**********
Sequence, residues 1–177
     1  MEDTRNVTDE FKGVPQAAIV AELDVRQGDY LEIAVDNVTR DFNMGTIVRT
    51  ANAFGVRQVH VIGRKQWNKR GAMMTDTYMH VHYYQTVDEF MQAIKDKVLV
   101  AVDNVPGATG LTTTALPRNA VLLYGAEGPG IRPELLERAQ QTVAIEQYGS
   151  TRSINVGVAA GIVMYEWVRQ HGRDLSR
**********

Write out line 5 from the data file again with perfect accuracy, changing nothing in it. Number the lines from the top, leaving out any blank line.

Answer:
   151  TRSINVGVAA GIVMYEWVRQ HGRDLSR